the national circus

With Trump’s Speech, the Networks Surrendered to Bill Shine

Photo: SAUL LOEB/Saul Loeb/AFP/Getty Images

Most weeks, New York Magazine writer-at-large Frank Rich speaks with contributor Alex Carp about the biggest stories in politics and culture. Today, Trump’s Oval Office address, the networks’ decision to carry it live, and the Democrats’ response.

When Donald Trump announced that he wanted to address the nation this week, he opened an unusual debate about whether the networks should carry the president’s speech, air it with a delay, incorporate some sort of fact-checking, or not carry the address at all. Did they make the right decision?

The broadcast networks made a scandalously bad call in covering this speech live in prime time. The speech was patently fake news — state propaganda — from the start. The White House signaled early in the day that Trump was not going to declare a national emergency but deliver an eight-minute rehash of his argument for the wall. We learned after the speech was over, via Peter Baker of the Times, that Trump had told network anchors at an off-the-record White House lunch yesterday that he didn’t even want to make the address (or appear in a photo-op stunt at the Mexican border scheduled for tomorrow) and was doing so only because his communications gurus were pushing for it. Yet all the anchors went along with the charade anyway. It says all you need to know about the fallen state of CBS News that the network’s late-night host Stephen Colbert had spoken out against the news division’s cave as soon as it was announced Monday night while its journalists remained silent. (His tweet: “My network will be carrying Trump’s Wall speech live. So at 9pm Tuesday, tune into CBS to See B.S.”) Les Moonves may be gone, but his famous pronouncement about the Trump campaign in early 2016 remains in place: “It may not be good for America, but it’s damn good for CBS.”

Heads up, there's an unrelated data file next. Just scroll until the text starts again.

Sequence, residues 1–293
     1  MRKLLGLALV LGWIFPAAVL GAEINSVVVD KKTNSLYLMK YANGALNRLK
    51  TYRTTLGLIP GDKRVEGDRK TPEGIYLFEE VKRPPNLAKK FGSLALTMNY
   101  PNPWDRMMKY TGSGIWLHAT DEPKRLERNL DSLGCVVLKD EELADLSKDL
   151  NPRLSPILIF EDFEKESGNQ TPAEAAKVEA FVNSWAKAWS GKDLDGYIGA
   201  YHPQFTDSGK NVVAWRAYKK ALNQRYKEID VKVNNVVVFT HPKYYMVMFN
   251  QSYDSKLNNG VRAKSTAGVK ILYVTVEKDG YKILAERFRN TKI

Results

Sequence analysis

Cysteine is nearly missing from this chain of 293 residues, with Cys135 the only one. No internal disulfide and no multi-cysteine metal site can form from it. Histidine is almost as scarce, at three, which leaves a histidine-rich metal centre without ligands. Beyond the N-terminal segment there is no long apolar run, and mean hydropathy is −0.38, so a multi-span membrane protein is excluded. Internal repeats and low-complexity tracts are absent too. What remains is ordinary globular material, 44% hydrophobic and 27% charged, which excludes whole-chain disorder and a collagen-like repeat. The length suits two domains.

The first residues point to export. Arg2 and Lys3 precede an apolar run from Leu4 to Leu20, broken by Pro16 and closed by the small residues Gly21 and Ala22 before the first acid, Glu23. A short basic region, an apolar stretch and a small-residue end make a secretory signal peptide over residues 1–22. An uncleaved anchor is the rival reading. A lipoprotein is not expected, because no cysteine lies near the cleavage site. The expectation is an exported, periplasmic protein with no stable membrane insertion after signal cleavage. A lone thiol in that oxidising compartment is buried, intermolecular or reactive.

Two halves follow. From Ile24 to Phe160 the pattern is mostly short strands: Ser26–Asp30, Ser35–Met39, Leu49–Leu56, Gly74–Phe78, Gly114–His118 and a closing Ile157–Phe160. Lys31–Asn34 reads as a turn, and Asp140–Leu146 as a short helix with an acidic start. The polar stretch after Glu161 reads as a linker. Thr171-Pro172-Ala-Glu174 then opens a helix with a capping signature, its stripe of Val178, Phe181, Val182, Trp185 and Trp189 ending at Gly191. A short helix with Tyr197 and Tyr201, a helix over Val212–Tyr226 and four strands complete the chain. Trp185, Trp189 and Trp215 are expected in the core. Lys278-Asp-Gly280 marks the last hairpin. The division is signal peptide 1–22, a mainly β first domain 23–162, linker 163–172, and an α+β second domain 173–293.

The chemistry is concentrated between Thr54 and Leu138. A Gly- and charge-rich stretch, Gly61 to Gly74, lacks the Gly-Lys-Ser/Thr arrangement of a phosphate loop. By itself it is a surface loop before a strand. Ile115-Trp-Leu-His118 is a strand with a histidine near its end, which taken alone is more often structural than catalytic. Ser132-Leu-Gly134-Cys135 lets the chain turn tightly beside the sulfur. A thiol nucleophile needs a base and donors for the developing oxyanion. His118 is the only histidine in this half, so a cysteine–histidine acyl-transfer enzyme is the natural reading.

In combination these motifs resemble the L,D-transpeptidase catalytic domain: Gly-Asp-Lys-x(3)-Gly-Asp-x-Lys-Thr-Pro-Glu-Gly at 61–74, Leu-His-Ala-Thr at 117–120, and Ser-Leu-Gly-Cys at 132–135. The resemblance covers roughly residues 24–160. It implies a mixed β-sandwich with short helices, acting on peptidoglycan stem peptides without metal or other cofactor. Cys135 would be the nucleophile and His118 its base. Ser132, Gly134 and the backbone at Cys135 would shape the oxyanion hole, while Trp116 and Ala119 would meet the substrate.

Why did the broadcast networks carry it? It’s not as if the speech (or, more accurately, speechlet) was unavailable in real time elsewhere. It was aired live on all the cable news networks. Cord-cutters could watch it streamed free on a multitude of news sites and social networks. The only reason the broadcast networks had for airing it were commercial (to feel relevant as brands at a time when viewers are fleeing in droves) and political (to avoid the ire of the Trump base and White House). Had they run onscreen fact-checking as the president spoke (instead of relegating it to the web or playing post-speech catch-up), there at least would have been some added value. But they did not. Given that journalistic derogation of duty, the right thing to do would have been to monitor the speech and break into it live only if Trump committed some actual news — e.g., declaring that threatened “national emergency.” Instead, they allowed Trump to spew the same old same old, only this time with the added boost of an Oval Office backdrop and the implicit network imprimatur that comes with preempting prime-time entertainment programming. In other words, the broadcast networks essentially surrendered their editorial independence to Fox News — literally so in the person of Bill Shine, the former Fox News executive now running White House propaganda.

Trump is not Hitler, the invented “crisis” at the border isn’t the Reichstag fire, and Shine is no Goebbels. But last night’s network-news travesty was in line with the master Third Reich propagandist’s playbook. “When it comes to things that affect the national existence of a people and must therefore be solved by the government,” Goebbels said early on, in 1934, “the job of the press is to just take note. Discussion changes nothing, in any case.”